The Brazos Brooks reservoir precedes the Agua Clara or Gatun plant, whose service coverage is complemented and replaced by the increased production capacity of the Monte Esperanza plant. The need to cover the consumption demands of the city of Colon, in addition to the new areas of Camp Bierd (now disappeared), and Silver City (Rainbow City, known as Arco Iris), as well as the settlement of Folks River, catalyzed the decision of George Goethals to build a plant of greater capacity, displacing the production of Agua Clara by the new Monte Esperanza plant.
The Monte Esperanza plant, along with its predecessor at Agua Clara or Gatun, were the first facilities of their kind in the region to use flocculation-sedimentation-filtration processes, becoming technological milestones. By 1911, the Agua Clara plant was operating under these processes, with the addition of a final aeration activity to aid in the removal of iron and volatile organic compounds, thus improving the odor and taste of the water.
The aqueduct, the solution
The first aqueduct began service on July 4, 1905 in Panama City. The design was the work of engineers John Wallace and Carlton Davis of the Isthmian Canal Company. The design is described as a reservoir 120 feet long by 70 feet wide and 20 feet deep, built on the highest part of Ancon Hill. The water intake is located on the Rio Grande River. The system would operate by gravity through a 16-inch pipeline, and the water would be piped to another auxiliary reservoir with a capacity of one million gallons. From there and through another pipeline, it would be distributed to the streets and houses of the city. Work on the aqueduct, according to sources in the Estrella de Panamá, began on July 22, 1904.
Modernity arrives to Panama and ends a long history of lack of water in Panama City, a circumstance that had not been able to be modified in almost three centuries of urban history.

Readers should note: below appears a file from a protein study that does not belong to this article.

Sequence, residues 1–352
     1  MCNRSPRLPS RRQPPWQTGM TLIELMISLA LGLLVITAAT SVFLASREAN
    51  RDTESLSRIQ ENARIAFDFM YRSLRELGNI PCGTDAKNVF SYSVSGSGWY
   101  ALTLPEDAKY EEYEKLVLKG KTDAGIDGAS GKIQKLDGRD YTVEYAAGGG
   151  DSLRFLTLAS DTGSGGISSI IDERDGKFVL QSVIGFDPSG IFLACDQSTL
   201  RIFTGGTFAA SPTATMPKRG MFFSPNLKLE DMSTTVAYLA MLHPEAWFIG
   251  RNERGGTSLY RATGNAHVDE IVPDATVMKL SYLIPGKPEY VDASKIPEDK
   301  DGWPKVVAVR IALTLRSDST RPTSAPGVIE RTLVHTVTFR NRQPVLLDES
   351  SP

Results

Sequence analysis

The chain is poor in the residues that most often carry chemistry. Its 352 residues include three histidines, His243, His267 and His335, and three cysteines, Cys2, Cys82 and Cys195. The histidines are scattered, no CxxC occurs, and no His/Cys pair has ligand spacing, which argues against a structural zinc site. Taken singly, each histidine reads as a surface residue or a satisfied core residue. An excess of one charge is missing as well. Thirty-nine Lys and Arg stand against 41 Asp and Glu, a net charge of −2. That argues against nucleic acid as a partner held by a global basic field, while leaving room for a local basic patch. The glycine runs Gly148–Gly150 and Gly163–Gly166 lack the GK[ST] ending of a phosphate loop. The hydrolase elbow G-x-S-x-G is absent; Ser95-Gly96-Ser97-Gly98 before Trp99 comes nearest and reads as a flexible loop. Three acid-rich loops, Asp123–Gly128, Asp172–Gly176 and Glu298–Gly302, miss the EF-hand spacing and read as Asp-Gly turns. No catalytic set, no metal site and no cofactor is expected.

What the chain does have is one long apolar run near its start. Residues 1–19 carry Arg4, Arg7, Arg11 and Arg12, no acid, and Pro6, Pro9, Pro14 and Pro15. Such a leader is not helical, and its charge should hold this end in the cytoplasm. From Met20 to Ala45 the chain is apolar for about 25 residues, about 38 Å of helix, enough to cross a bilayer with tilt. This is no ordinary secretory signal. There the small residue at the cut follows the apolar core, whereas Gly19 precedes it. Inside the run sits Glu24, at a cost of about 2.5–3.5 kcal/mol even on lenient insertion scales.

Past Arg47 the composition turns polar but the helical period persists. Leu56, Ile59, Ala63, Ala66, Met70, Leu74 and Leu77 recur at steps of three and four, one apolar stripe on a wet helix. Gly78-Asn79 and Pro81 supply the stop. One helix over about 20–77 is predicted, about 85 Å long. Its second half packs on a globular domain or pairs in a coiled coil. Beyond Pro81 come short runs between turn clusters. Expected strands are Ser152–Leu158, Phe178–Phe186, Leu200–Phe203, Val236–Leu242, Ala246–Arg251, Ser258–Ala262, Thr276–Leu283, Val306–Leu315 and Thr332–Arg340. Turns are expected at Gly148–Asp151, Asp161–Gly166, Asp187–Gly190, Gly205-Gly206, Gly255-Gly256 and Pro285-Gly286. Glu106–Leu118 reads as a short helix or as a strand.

Years later, in March 1915, the Miraflores water treatment plant began operations to supply the city. Since then, it has supplied water to the homes of El Chorrillo, San Felipe, Santa Ana, Marañón and Calidonia.
The history of water production in Panama is relevant and should be viewed from a regional approach and not reduced to a local vision. The water treatment plants and aqueducts of Panama and Colon were pioneers in the field, not only in Panama, but in the entire region.
Bicentennial, water and the Canal
The importance of the ephemeris places the issue of water and the development of inter-oceanic communication in the foreground. It was in the context of the bicentennial of independence that Panama’s route for the construction of a canal was defined. Interoceanic communication identifies water as the element that articulates all technological proposals. Water management and the answer to supplying Panama City, ignored for centuries, were solved by the construction of the Canal.
Today, the issue of water supply for more than half of the country’s population is a responsibility of the Panama Canal, in addition to the challenges of managing the centennial Canal and the expanded Canal, establishing in the projection of the XXI century the momentum to ensure the availability of water for the uses that have been determined by the Panamanian society and its importance in national development.